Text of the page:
The Osirian civilization of the Mediterranean predates dynastic Egypt. Ufologists considered this civilization to be highly advanced with ultraterrestrials who made use of air ships equivalent to the Vimana in Hindu text.
The Mediterranean was a large and fertile valley especially during the periods attributed to Atlantis and Rama. During the Osirian civilization, the Nile river was called the River Stix. However, instead of flowing into the Mediterranean Sea at the Nile Delta in northern Egypt, it continued into the Osirian valley, and then turned westward to flow in the deepest part of the Mediterranean Valley where it created a large lake and then flowed out between Malta and Sicily, and south of Sardinia into the Atlantic at Gibraltar (the Pillars of Hercules).
During the destruction of Atlantis by a cataclysmic upheaval, the Atlantic slowly flooded the Mediterranean Basin, destroying all the great Osirian cities, which forced them to move to higher ground. This theory would explain the strange megalithic remains found throughout the Mediterranean.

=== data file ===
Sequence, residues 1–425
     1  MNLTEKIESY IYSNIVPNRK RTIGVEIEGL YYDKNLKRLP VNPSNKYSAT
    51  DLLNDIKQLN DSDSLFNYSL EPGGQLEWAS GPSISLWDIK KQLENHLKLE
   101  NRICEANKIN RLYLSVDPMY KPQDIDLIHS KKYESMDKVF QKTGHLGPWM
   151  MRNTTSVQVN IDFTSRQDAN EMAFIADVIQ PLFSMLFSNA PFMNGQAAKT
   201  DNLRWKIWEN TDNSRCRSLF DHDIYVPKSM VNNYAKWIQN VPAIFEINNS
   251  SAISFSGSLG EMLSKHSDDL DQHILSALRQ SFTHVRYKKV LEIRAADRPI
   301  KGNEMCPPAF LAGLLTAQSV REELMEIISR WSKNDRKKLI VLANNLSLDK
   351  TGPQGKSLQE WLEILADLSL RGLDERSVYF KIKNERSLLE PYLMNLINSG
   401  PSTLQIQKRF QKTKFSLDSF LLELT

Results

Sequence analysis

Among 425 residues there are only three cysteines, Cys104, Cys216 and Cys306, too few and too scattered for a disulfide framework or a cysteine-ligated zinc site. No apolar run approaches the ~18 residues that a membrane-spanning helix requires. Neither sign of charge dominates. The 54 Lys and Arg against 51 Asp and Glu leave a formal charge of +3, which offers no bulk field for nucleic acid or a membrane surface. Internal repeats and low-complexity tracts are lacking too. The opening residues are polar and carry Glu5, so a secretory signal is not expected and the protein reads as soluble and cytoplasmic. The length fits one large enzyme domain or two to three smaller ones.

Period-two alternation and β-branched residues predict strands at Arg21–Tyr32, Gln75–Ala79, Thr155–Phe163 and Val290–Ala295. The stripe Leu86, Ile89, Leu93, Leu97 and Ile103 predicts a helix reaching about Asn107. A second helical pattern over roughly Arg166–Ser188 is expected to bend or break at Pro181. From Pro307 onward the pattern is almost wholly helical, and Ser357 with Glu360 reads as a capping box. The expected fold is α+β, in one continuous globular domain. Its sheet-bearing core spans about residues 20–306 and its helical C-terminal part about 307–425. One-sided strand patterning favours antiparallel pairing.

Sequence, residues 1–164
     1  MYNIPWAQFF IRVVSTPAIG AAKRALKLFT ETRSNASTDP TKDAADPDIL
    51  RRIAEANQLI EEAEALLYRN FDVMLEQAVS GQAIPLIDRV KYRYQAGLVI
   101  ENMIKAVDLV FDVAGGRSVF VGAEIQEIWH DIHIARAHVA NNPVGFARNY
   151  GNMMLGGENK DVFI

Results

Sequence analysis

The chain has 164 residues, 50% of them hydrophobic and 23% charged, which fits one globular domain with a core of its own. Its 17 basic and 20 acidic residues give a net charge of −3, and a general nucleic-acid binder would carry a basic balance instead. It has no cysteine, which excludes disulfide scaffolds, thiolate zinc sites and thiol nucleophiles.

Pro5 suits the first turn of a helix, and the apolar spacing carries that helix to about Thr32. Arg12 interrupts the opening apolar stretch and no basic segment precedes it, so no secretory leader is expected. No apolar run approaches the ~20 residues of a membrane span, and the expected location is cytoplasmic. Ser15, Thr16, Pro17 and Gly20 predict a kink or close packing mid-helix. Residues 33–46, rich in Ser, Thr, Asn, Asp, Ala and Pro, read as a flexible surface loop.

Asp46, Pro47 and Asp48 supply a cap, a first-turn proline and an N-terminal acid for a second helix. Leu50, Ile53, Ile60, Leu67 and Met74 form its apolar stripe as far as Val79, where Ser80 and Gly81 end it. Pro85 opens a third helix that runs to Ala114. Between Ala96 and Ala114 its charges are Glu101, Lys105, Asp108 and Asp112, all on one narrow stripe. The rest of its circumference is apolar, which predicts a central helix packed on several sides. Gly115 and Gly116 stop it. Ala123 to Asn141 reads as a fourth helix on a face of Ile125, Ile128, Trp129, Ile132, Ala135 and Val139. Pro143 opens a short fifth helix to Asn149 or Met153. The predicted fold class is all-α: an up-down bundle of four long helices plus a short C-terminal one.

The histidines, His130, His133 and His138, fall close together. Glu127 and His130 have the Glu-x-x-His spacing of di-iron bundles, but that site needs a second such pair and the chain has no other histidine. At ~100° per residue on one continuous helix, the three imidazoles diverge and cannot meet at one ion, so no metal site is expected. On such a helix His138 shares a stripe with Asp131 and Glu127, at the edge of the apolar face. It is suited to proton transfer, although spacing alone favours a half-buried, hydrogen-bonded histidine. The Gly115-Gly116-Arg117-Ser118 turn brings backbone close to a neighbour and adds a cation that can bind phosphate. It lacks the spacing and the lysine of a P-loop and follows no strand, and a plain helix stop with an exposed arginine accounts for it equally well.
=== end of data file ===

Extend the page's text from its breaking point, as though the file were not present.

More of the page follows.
It is archaeologically accepted that there are more than 200 known sunken cities in the Mediterranean. Egyptian civilization, along with the Minoan and Mycenean in Crete and Greece are, in theory, remnants of Osirian culture. The civilization built huge earthquake-proof megalithic structures and had electricity and other conveniences common during the time of Atlantis. Like Atlantis and Rama, they also had airships and other modes of transport, often electrical in nature. The mysterious cart tracks of Malta, which go over cliffs and under water, may well be part of some ancient Osirian tram-line, possibly taking quarried stone to cities that are now submerged.
Only high technology of the Osirians could create the platform found at Baalbek, Lebanon. The main platform is composed of the largest hewn rocks in the world, the famous ashlars of Ba'albek. Some of the individual stones are 82 feet long and 15 feet thick and are estimated to weigh between 1,200 and 1,500 tons each.
- ↑ Lost Cities of Atlantis, Ancient Europe & the Mediterranean, By David Hatcher Childress
- THE MYTH OF THE MEGALITH (2014), by Elif Batuman